The multistate E. coli outbreak tied to romaine lettuce may have a connection to the Salinas Valley.
Henry Gonzales is the Agricultural Commissioner for Monterey County. His office window in Salinas looks out on a field that was growing romaine just about two months ago.
Romaine lettuce is grown in the Salinas Valley and surrounding areas from about April through September. Gonzales says the timing of the E. Coli outbreak corresponds with that season.
“If you look at the dates, the October 8 through October 31, period of illnesses, it is probable that the lettuce came from this region, from either Monterey County, San Benito County or Santa Cruz,” Gonzales says.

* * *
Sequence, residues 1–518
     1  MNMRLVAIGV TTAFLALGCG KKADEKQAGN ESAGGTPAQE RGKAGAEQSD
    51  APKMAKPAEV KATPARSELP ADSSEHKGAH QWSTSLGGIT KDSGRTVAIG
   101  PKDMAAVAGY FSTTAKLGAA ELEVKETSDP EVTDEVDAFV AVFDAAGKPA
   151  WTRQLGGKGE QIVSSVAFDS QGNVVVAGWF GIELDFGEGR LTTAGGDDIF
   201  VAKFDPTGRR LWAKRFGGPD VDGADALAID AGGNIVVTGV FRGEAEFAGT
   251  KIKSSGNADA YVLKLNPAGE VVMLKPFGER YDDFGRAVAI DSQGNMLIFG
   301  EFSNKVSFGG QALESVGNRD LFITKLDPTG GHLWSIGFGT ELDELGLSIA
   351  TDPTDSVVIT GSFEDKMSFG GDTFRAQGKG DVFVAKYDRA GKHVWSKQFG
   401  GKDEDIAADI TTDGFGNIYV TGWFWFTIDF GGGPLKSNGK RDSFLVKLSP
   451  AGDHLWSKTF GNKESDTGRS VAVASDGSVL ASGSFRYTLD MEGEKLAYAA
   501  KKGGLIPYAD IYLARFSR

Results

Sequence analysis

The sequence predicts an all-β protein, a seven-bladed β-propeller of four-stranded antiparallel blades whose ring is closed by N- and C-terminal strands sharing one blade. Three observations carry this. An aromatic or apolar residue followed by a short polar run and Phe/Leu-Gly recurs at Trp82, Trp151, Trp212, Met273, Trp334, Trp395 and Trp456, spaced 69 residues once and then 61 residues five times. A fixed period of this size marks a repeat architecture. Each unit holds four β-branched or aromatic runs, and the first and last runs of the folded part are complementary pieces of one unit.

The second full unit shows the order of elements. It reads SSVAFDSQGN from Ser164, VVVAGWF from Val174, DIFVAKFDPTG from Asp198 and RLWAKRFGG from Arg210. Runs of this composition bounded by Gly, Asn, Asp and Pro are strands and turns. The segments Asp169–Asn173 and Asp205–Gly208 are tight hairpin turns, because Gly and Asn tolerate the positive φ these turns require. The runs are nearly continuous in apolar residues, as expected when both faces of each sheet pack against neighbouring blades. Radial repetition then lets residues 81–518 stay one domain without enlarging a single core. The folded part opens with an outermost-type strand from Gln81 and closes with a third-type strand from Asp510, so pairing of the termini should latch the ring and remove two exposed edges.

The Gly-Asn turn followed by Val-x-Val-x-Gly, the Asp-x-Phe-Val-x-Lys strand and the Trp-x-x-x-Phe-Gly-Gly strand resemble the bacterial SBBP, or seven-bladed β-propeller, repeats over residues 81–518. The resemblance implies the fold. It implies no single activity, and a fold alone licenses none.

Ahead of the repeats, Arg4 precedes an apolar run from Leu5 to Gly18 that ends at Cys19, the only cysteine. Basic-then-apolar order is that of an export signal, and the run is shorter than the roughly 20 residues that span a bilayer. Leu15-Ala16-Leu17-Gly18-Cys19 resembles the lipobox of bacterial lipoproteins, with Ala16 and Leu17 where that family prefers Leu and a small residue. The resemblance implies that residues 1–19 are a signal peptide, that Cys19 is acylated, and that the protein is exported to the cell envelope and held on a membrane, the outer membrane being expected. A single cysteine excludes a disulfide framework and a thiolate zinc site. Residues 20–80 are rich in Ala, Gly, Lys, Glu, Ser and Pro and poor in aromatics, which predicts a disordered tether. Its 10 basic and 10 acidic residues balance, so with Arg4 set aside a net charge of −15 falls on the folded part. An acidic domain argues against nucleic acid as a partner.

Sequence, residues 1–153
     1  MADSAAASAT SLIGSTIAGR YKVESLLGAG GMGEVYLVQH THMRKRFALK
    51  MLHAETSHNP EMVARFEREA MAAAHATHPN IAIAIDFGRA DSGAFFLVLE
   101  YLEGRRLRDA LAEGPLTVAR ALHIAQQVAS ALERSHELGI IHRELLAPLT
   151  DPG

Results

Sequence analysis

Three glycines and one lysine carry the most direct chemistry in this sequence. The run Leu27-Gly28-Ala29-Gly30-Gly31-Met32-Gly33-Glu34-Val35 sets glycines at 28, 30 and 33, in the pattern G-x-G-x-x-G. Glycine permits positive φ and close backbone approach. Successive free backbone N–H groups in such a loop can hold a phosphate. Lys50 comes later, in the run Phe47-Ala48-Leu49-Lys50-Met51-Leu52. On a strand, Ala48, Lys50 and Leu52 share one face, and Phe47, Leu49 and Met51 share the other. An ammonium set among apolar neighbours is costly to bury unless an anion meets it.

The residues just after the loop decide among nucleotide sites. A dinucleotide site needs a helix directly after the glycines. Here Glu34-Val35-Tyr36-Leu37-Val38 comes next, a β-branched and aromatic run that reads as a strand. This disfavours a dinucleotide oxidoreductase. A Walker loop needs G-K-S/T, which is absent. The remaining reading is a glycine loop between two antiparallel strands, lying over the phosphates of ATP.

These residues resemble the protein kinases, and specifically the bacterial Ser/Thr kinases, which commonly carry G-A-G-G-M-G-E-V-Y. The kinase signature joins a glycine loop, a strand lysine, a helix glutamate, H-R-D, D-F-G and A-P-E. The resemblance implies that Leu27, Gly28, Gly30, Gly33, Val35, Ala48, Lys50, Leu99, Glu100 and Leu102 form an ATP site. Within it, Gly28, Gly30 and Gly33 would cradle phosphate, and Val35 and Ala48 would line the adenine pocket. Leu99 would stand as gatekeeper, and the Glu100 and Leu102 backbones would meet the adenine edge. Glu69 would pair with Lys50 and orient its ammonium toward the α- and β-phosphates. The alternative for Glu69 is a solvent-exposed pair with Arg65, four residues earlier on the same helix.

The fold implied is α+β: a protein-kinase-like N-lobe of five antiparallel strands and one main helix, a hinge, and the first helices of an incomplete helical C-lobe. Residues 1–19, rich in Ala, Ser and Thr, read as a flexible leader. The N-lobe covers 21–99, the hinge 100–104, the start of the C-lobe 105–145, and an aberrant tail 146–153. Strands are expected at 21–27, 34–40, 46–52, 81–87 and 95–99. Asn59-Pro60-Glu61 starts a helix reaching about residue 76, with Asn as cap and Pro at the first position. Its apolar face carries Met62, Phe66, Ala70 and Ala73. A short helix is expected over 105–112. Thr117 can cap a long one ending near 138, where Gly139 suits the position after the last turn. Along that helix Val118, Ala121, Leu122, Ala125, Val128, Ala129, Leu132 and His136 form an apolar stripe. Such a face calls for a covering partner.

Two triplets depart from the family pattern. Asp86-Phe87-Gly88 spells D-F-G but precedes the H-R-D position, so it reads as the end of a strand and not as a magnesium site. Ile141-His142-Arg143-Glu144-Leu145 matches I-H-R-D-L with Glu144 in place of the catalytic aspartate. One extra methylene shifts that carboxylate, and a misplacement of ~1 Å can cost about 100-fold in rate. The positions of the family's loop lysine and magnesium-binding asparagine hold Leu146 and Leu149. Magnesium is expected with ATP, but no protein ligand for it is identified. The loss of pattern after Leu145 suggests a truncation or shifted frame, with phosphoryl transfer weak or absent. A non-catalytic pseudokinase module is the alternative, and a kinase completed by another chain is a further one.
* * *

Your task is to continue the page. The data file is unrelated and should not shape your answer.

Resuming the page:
The Food and Drug Administration is in the early stages of the investigation and has not determined where the tainted lettuce came from, so there’s no recall yet. Until then, the FDA says throw out all romaine lettuce.
So far, 32 people are sick in 11 states with 10 cases in California.
This is the second E. Coli outbreak tied to romaine lettuce this year. Investigators linked the first outbreak to lettuce from Yuma, Arizona.
Gonzales says the timing of this current outbreak, just before Thanksgiving and on the heels of another, couldn’t be worse.
“The more these happen, the more people start to become concerned about romaine and likely not be buying it as much,” Gonzales says.
According to Monterey County’s 2017 Crop Report, the value of romaine lettuce production for local growers is over $655 million.